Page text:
Relationship Studio… Rejuvenate and Enhance your Relations

Our closest relationships have a dramatic effect on our life…positive and negative.

Relationship Studio works with the couples at various stages in their life. Our sessions provide intensive learning experience and practical tool for strengthening your connection as a couple and building a deep mutual attraction and appreciation that can last a life time.

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For registrations contact revival.life@gmail.com or call us on 9960900363

Play Therapy… a case study

Before Vishal came in for Play therapy sessions, Vishal, a 11 year old, often lied to his parents about school work and stole money. Hi s parents were unable to understand why he did so despite the fact that there were liberal and would never pressurizing him for school work. They tried to correct his behavior by first talking to him, then threatening him with dire consequences and occasionally using the rod, but to no avail. Vishal had, over the months got grumpier and was now not only avoiding school but he even refused to play with friends. The cousellor at school too was unable to bring about any improvements in his behavior, when he was finally referred for play therapy.
Within a few sessions of play therapy, there was marked shift in his demeanor as his willingness to do school work improved and was back to his normal playful self. Infact as Play Therapy continued there was a significant improvement in his academic performance.
How did Play Therapy help him to achieve this? How does Play Therapy Work?
Play Therapy helps to unmask the unconscious motives & feelings which are the primary drivers of the majority of our maladaptive behaviors. These behaviors (which have their roots in the unconscious motives) resist any change brought about by our conscious decisions and bringing them into awareness is the only way to bring about sustainable change.
For example, Vishal’s tendency to lie is his unconscious need to get attention from his parents. Although, consciously he understands that his parents love him and provide him the best, unconsciously he detests the little time he gets to spend with them. His conscious reasoning fights this hurt and anger and it is pushed down into the unconscious. These emotions, although not available to his conscious mind, continue to operate and determine his behaviour.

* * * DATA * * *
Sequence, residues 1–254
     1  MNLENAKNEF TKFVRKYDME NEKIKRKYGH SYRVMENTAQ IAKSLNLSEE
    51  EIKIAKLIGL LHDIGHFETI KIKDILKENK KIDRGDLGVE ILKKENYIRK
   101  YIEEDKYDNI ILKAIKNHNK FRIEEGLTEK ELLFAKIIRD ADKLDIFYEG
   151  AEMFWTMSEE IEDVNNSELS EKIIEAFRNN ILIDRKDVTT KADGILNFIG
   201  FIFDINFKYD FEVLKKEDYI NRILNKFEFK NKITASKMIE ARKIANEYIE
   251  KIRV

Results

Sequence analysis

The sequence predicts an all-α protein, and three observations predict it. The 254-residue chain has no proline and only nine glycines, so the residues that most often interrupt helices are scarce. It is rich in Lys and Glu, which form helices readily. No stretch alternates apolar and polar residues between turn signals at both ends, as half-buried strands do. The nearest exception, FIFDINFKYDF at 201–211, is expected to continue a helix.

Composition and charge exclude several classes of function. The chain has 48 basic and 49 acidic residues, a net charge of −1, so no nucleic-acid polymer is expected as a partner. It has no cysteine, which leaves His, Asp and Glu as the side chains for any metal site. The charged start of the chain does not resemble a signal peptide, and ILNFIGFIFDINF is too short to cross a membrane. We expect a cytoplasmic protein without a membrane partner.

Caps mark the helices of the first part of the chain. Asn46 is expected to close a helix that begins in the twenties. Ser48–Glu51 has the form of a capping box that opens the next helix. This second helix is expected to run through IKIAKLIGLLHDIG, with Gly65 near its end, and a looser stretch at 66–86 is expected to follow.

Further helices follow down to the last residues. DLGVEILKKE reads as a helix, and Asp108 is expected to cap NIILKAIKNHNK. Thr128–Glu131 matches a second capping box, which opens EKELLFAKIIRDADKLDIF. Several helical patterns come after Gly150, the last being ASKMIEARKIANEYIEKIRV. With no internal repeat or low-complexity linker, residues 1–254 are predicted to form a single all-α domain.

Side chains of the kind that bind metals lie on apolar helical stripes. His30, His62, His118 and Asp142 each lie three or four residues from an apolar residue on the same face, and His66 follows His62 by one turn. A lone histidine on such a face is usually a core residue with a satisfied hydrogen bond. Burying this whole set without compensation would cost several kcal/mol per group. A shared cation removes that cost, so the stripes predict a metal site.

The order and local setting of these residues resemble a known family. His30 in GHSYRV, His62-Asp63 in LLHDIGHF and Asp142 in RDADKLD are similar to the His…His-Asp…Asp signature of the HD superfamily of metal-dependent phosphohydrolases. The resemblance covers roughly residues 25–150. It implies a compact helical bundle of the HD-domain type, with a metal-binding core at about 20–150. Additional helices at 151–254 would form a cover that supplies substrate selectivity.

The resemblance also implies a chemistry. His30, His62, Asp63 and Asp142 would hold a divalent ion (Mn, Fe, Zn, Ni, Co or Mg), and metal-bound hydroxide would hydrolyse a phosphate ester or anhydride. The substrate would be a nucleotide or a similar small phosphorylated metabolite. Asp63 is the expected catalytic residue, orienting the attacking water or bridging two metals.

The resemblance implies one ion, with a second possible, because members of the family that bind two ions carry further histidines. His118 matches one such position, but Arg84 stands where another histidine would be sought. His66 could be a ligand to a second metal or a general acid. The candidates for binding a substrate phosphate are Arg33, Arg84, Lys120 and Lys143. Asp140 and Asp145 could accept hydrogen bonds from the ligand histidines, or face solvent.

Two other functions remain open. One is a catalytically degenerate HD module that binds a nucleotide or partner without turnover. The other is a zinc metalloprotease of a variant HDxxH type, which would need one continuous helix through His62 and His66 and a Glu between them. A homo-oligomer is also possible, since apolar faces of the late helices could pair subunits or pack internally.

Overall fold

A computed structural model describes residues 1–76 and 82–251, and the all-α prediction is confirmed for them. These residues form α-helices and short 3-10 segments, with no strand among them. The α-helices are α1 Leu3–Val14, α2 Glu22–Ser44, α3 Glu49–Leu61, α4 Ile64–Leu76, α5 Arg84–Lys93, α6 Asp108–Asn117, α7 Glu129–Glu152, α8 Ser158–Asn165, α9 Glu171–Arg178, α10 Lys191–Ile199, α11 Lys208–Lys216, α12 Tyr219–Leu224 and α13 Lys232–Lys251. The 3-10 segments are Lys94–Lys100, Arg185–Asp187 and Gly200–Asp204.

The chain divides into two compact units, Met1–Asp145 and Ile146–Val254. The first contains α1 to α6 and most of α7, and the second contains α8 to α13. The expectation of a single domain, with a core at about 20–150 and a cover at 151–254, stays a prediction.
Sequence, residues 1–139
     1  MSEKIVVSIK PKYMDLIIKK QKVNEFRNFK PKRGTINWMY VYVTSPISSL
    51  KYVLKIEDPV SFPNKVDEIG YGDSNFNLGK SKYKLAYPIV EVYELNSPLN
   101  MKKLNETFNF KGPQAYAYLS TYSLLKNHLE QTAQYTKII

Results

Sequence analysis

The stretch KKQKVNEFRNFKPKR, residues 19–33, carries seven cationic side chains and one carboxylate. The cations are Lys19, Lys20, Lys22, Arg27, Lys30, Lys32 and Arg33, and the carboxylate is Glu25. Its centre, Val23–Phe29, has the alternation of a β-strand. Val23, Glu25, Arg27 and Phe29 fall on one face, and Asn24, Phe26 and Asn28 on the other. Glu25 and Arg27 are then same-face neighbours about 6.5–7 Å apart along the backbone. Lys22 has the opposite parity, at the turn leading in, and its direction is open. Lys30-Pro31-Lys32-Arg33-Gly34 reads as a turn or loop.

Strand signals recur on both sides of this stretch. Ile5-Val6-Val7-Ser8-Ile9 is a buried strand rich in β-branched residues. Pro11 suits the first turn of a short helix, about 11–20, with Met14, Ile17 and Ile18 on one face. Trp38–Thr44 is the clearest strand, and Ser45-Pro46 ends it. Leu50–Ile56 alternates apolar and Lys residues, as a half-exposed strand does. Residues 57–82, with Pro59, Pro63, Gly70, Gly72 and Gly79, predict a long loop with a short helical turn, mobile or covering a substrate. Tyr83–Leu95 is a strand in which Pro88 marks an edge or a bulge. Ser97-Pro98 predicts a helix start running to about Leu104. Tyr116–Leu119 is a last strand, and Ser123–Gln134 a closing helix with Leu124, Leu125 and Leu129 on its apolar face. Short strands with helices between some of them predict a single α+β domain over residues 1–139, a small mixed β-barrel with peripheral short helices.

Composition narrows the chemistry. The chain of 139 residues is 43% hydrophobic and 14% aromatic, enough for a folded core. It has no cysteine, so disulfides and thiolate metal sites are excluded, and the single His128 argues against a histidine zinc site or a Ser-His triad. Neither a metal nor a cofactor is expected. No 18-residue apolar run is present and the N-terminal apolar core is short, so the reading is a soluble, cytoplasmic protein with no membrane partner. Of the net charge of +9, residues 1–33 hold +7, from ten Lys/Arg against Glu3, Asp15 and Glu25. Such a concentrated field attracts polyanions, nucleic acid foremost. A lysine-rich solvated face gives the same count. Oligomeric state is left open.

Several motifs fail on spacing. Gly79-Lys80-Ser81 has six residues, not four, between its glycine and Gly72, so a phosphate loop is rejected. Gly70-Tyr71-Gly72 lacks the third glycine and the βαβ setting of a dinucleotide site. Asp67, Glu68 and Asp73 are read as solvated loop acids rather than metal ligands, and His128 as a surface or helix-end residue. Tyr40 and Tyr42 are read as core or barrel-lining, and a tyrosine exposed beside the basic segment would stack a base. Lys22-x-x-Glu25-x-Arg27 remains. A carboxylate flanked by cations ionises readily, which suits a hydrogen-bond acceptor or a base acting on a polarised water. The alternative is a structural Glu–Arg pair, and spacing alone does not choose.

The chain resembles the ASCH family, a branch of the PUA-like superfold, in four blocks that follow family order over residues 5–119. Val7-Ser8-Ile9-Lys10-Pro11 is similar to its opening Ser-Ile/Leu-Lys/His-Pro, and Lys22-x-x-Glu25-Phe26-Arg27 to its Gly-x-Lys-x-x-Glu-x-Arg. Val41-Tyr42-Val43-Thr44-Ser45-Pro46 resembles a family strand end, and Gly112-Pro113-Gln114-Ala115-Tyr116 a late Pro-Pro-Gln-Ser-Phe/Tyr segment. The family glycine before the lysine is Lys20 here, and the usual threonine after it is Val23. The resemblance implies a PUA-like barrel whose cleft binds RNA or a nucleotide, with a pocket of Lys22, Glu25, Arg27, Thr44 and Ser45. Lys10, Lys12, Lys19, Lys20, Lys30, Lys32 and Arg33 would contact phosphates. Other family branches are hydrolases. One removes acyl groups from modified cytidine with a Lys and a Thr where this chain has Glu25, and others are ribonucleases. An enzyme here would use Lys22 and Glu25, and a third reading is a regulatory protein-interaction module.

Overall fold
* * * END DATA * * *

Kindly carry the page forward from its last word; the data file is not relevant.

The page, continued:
During play therapy, a child enacts these unconscious conflicts and the therapist helps the child understand them. In Vishal’s case it provided him with the freedom to communicate this need for attention verbally in a healthier manner than his current negative attention seeking ‘acting out’.
Play is one of the primary activities of childhood. Although adults brush it off as a ‘time pass’ activity, it is a very meaningful activity for the child. It is through play that the child learns to explore, understand and develop an array of skills to deal with the social, emotional and physical challenges that are constantly thrown his way in his initial learning years. Play therapy utilizes play, children’s natural medium of expression, to help them express their feelings more easily through toys instead of words. Play therapy is to children what counseling is to adults.Whereas most adults may find relief in talking over problems, children often have difficulty in expressing thoughts and feelings in words, and play can serve as a medium for them to express themselves.
It is common for children to experience occasional problems as they grow and mature. They experience conflicts at home over such issues as toilet training, bedtime and homework. They encounter problems with parents and peers as they attempt to establish a personal identity and practice relating to others. They experience conflict with teachers as academic and behavioral demands increase. As a child is faced with new situations, demands and expectations, it is common for the child to experience emotional ups and downs characterized by feelings of sadness, fear and anger. These reactions tend to be short-lived, however, and usually do not significantly interfere with the child’s life. However, occasionally a child’s response to life’s pressures may become severe, and the parents’ attempts to help their child may be unsuccessful. At times such as these, professional assistance may be warranted.
Psychological treatment may be warranted when a child’s difficulties interfere with normal family functioning, even though the child is not upset by this circumstance. Children may also benefit from psychological treatment when the problems they face are complicated and beyond the range of normal daily experience. For example, children who suffer from serious or life-threatening medical problems, the death of a loved one, an accident, children whose parents are undergoing divorce or families who are shifting to a new city. The psychologist focuses on helping these children develop coping skills to deal with their unique situation and advises parents regarding how best to support their child.